So in your scenario, you might for instance start out with the whole Draft folder displayed in corkboard mode and then just start creating index cards and filling them out with the quote, the code, etc. that you want on them. Color code them with labels if you like, at a status stamp if relevant, and rearrange their order until you’re happy. I will point out here that the corkboard doesn’t display hierarchies–like a normal corkboard, it’s a flat, two-dimensional surface, so you can normally only see one level at a time. You can drop cards onto another to demote them to subdocuments, and you’ll then see the dropped-on card as a stack of cards to indicate it has children, but you won’t see those children until you drill down to view that set of cards. This helps keep things tidy and allow you to get a good view of what you have in each tier; you can use the outliner to view all the same information (and more) while displaying multiple levels when you need that perspective. (It is also possible to “flatten” the hierarchy and view all the cards and their children together on the corkboard, if you do want that sort of birds-eye glance; you just can’t move the cards in this view, since it can’t map to the hierarchical structure.)

Once you’re happy with all the shuffling and structuring of the cards and want to start writing (and this of course may be a back and forth process), you can switch to viewing the document associated with the card, so instead of writing on the index card, you’re writing in the regular text editor, just like you’d expect when sitting down to a word processor. This is the piece of paper that’s clipped to the index card: the text on the card in this scenario is what you created in the outline stage so you know what you’re supposed to be writing on that paper. In Scrivener, you can view the index card alongside the editor while you’re writing, just like you’d refer to your physical index cards; you can also split the editor and view a whole group of cards together while writing, for instance if you want to see the cards for the larger section of which your current item is just a small piece. Since the index cards and documents are linked, represented by just a single entry in the binder, if you move your cards around again later on the corkboard, that simultaneously moves the document associated with it. If you decide that point C really should be moved up to become point A, making this change in your outline simultaneously makes it in your manuscript, moving the document text tied to that card before the text of what used to be A. (The idea behind Scrivener is that you write your manuscript in small chunks–how small is up to you and the needs of the project. Some academic writers go down to paragraph level or even smaller, which allows the synopsis you type on the index card to be highly specific and gives authors a lot of control when they arrange and rearrange and rearrange their arguments. For other users, one card might represent an entire scene, or even an entire chapter.)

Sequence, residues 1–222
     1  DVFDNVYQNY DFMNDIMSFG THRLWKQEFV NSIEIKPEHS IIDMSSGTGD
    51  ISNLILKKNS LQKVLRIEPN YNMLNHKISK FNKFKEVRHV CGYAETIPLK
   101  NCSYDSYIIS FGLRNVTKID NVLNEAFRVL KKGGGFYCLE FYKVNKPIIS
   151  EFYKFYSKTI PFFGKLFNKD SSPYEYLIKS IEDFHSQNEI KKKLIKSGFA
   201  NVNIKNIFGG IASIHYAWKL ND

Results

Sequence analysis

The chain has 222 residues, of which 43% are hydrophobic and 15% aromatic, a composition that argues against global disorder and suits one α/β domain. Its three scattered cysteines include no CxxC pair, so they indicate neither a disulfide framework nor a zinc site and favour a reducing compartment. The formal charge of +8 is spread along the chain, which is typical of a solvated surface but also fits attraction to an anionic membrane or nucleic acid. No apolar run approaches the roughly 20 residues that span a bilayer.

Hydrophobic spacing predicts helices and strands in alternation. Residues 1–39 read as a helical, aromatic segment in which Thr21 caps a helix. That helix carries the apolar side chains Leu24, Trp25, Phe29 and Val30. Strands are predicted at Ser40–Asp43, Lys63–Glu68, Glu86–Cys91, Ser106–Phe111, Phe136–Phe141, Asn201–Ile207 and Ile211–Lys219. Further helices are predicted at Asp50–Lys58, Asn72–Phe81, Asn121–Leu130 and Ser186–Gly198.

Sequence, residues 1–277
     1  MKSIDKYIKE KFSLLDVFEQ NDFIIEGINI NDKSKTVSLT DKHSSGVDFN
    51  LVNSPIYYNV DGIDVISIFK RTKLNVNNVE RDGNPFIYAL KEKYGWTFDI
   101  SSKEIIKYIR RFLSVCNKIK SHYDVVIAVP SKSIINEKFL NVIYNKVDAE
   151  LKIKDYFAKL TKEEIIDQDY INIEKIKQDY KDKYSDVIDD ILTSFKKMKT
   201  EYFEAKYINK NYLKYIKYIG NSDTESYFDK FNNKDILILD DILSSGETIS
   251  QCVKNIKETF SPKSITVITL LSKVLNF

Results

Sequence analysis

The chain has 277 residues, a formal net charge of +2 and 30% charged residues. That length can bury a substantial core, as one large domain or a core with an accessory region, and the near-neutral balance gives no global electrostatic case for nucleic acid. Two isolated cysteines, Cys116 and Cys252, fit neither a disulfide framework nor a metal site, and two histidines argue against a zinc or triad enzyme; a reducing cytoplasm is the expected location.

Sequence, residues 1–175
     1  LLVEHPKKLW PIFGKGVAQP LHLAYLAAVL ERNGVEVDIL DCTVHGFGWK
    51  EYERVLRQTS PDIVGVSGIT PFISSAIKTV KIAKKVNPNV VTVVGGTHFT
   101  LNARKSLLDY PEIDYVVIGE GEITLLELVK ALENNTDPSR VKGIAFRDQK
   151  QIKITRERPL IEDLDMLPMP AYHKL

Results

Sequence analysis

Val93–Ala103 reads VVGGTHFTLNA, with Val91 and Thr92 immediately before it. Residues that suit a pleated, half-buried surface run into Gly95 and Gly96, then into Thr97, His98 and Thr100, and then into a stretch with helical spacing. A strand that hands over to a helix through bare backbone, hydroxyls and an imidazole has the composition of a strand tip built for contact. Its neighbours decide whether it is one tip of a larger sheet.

However, you don’t have to make this bunch of cards your live outline. There’s nothing that says you can’t create a bunch of cards in a folder in the project and only ever use them as cards (with no associated document text, just the text on the cards) and then build your actual manuscript separately, just referencing the cards as you like. They don’t have to be a synopsis of a document; they can be any short notes that are convenient to write on a card. I find the corkboard and outliner views a great place for just dumping ideas (it helps me to keep them short and to the point and to break up my thoughts and reasoning into segments, which makes it much easier to do anything with them six months later). Sometimes I flesh out the idea in the document; sometimes they just stay as that “synopsis” text.

I suggest downloading the trial and just playing with it some yourself so you can get a better idea of the flexibility. If you go through the interactive tutorial, you’ll be able to get a feel for the basics of how the differet pieces work and common usage, and then you can muck around to see what might work for you.


I will try out Scrivener and return with more questions after I’ve tried it.